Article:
Fifty years on we have made some progress. Some big books have been written - the four volume series on English Baptists, to which White contributed the 17th volume, and more recently David Bebbington's one volume Baptist Through the Centuries. Likewise we now have more detailed studies of Grantham, Kiffin, Taylor, Keach, Rippon, Fuller, Spurgeon, Faringham, Steele, Shakespeare, as well as a reader on 17th Baptist Women Preachers.
Sadly I think it might be said that we can still be not as careful with our recent primary records as perhaps we should, but as Baptists we now have a wonderful, accessible resource in the Angus Library, in which Barrie must have spent many hours.
The second selection of extracts comes from 'The Task of the Baptist Historian', Baptist Quarterly 22 (1968):
... "Why bother with Baptist history anyway?" there are certain things which can be said at once: first, if Baptists do not investigate and care about Baptist history no-one else will. No-one else is likely to take the time or the interest to sift the diamonds from the dust of our denominational yesterday. No-one else will be prepared to attempt the reconstruction of that yesterday from our generous but annually diminishing early source materials. No-one. else will have the same creative sympathy with that yesterday and under- standing of the texture, the subtle overtones and undertones, of our denominational heritage in its national setting. To say this does not, of course, mean that non-Baptists should not be encouraged to write Baptist history or that Baptists from other lands should not touch English Baptist history. There is certainly always a sense in which the onlooker sees most of the game: a detached observer may well discern patterns and meanings which those too closely caught up in their own personal or partisan enthusiasms. may miss. Nevertheless, when all this has been readily and cheerfully admitted, it remains true that if Baptists are to wait for others to do their fundamental research for them they will still be waiting, with a sense of growing disappointment, for a good many years to come.
... Baptists can far less easily ignore their own history, their own heritage, than they can that of other Christians. To slam the door, as it were, upon their yesterday would be, first, to lose their identity and most of their understanding of why they stand where they do and, secondly, to limit all their insights into the Word and the Will of God to the narrow vision of the present generation and even, on some occasions, to that of the local congregation. On the other hand Baptists dare not allow their yesterday to dominate their today for two other reasons: first, because their own past does not speak with one voice; there is, for them, no golden age of an "undivided church" where all the Fathers spoke with a single unanimous voice. T h e second reason why Baptists cannot allow their past to have the last word is that to do so would be to bolt and bar another door: that against the continuing, contemporary, guidance of the Holy Spirit in the Church.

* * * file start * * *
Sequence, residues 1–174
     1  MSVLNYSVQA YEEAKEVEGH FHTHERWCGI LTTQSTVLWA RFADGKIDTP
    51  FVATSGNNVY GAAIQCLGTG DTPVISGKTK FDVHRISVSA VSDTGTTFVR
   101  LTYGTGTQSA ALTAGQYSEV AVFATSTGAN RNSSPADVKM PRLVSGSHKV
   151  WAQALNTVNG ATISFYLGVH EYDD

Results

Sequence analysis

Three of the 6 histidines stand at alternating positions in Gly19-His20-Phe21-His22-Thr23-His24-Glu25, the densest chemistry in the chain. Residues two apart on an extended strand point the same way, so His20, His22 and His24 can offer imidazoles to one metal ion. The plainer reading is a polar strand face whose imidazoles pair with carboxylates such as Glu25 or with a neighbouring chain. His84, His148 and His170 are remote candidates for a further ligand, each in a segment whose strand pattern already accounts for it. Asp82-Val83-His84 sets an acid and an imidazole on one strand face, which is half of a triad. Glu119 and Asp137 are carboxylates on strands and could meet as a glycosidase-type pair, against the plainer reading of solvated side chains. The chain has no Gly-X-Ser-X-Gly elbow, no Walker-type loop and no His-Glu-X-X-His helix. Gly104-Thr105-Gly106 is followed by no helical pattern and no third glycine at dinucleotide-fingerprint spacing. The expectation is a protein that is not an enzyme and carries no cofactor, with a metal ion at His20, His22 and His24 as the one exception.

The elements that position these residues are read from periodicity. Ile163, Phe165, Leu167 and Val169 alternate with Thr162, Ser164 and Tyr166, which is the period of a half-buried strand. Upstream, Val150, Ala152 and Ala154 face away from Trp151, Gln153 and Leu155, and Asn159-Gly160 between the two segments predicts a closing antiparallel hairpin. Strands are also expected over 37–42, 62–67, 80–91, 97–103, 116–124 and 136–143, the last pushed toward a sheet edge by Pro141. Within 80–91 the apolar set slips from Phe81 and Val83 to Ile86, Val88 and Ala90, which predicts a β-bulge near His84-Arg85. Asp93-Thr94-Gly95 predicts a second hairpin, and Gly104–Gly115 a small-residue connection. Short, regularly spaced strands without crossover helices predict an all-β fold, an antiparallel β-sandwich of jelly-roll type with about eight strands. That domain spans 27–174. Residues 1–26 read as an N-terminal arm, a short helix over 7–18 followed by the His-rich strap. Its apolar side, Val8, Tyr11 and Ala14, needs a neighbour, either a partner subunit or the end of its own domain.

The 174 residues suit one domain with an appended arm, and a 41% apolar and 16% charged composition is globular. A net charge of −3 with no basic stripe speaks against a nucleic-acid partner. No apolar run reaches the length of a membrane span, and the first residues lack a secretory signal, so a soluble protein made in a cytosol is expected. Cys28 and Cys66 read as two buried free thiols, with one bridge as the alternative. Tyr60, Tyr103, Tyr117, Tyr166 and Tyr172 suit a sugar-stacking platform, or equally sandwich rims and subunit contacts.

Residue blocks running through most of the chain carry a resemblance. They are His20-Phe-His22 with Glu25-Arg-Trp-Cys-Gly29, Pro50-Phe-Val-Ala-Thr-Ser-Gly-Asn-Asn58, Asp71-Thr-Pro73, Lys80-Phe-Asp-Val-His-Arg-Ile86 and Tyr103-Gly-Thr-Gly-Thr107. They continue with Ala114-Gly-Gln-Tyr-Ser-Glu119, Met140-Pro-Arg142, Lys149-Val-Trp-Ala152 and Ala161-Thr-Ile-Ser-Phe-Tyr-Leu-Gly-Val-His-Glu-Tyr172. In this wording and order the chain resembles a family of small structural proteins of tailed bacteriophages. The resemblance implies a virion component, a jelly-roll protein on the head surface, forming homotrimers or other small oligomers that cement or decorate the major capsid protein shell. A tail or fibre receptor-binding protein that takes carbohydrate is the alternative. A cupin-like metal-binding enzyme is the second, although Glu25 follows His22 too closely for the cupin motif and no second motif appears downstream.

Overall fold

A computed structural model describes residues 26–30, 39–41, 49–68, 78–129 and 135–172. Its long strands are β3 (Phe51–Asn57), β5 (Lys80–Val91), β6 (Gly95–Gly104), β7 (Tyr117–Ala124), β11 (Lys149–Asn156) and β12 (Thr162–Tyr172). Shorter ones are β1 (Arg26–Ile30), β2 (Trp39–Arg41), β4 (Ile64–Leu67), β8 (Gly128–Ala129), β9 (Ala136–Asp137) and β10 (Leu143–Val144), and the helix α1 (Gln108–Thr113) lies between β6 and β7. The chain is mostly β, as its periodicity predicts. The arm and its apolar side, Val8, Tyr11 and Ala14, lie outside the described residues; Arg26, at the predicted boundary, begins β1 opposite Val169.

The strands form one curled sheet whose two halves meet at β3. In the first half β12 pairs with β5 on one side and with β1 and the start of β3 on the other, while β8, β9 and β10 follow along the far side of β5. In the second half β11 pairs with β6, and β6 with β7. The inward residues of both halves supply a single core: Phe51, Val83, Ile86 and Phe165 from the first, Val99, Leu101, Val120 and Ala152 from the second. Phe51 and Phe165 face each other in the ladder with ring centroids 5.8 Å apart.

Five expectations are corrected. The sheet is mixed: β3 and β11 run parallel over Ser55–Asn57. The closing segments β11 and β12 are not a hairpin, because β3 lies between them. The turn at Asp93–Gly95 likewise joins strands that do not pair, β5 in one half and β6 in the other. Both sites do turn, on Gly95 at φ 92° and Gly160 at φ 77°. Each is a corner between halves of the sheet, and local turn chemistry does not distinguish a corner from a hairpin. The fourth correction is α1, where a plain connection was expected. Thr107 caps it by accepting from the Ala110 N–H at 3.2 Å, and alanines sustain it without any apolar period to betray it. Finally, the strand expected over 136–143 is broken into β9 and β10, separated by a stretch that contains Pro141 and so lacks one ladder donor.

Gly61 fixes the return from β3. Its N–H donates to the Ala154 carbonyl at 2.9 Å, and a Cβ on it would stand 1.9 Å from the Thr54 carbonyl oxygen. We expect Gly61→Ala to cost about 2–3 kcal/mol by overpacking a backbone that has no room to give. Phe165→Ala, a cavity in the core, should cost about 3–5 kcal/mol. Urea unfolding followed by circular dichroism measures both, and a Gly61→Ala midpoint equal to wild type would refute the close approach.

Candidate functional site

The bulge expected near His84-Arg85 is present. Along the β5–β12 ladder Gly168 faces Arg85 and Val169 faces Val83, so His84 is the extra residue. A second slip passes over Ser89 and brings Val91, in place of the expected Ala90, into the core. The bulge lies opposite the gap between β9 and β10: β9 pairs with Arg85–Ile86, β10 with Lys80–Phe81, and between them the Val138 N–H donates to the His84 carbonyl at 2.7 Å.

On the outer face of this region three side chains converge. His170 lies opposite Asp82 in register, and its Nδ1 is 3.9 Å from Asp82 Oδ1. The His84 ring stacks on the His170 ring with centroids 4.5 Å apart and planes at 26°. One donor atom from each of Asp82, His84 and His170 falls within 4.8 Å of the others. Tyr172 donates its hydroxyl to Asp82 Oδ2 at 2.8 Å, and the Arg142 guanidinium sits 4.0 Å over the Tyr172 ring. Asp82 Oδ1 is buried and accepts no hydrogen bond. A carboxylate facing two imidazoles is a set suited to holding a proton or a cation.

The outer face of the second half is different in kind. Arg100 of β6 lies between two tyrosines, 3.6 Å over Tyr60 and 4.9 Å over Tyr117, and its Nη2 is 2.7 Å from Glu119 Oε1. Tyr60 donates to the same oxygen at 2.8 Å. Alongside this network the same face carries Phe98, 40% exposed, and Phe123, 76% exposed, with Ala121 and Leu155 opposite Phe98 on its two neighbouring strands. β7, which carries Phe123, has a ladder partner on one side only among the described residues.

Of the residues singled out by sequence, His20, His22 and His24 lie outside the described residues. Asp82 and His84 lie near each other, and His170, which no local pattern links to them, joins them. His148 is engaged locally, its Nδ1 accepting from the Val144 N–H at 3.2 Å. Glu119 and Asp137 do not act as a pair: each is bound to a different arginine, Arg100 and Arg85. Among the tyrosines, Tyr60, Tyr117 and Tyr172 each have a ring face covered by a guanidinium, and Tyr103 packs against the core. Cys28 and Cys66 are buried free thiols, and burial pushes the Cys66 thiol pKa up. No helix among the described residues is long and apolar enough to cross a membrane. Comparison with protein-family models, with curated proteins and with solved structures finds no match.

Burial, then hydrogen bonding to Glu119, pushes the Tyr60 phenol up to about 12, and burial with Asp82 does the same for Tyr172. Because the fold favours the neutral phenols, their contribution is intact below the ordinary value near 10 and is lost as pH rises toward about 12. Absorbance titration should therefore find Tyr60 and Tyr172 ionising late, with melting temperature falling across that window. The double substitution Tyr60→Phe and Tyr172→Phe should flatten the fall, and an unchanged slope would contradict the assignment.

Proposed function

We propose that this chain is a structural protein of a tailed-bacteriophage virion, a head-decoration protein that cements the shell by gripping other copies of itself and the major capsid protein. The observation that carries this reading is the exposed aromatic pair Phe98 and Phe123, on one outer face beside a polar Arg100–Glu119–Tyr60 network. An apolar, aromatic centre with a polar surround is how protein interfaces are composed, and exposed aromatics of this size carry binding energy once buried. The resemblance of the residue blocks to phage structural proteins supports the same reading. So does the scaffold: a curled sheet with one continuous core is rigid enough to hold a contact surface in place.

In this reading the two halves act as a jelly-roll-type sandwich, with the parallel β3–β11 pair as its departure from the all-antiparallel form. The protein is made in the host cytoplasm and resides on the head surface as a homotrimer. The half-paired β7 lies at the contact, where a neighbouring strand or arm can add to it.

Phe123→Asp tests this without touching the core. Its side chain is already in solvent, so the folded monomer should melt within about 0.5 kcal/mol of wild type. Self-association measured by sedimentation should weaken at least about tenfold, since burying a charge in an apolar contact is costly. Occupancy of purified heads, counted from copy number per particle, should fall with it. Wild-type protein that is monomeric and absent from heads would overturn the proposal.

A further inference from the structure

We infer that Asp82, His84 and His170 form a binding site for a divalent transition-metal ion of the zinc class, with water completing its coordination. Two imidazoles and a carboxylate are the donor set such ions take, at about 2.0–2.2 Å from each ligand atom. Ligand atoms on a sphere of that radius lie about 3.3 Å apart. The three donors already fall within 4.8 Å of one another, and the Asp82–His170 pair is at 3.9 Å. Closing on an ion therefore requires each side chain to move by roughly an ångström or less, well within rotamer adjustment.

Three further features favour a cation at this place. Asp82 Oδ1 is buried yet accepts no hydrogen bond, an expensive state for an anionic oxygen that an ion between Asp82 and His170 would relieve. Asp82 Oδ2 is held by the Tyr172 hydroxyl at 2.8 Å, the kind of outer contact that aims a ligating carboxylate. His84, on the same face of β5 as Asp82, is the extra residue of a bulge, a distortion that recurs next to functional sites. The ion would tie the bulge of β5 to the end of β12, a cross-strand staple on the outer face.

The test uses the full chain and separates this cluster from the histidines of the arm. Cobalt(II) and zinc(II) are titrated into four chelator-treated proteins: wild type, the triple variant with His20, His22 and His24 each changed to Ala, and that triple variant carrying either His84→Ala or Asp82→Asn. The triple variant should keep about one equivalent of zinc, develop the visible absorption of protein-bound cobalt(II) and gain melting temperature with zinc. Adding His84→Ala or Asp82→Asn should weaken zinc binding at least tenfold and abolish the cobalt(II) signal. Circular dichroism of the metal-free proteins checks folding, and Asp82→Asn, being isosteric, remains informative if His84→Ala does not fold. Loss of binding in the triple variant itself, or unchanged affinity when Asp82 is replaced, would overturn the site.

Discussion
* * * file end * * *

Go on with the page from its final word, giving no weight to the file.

... Baptist historiography is always in danger of domination by a spirit of historical fundamentalism according to which the past becomes a chunk of dead rock from which anachronistic but superficially relevant proof-texts are chiselled to the required shape.
... it is not the denominational historian's task to be a partisan, he must always be aware of the greater army marching the same way to the left and right of him; he must resist the temptation to rub the rough edges off history in the interests of a later respectability and he dare not forget that whilst Baptists have often been brave they have even more often been bigoted. It is not the Church historian's task to whitewash anyone, least of all his own side.
... One thing should now be entirely plain: whilst the basic ingredients [of Baptist history] may remain the same, there is a great. deal more involved in telling that plain, unvarnished tale adequately than perhaps some of our predecessors ever realised.
There will be a thanksgiving service at New Road Baptist Church, Oxford, where Barrie had been a member for many years, on Monday 28th November, 12pm.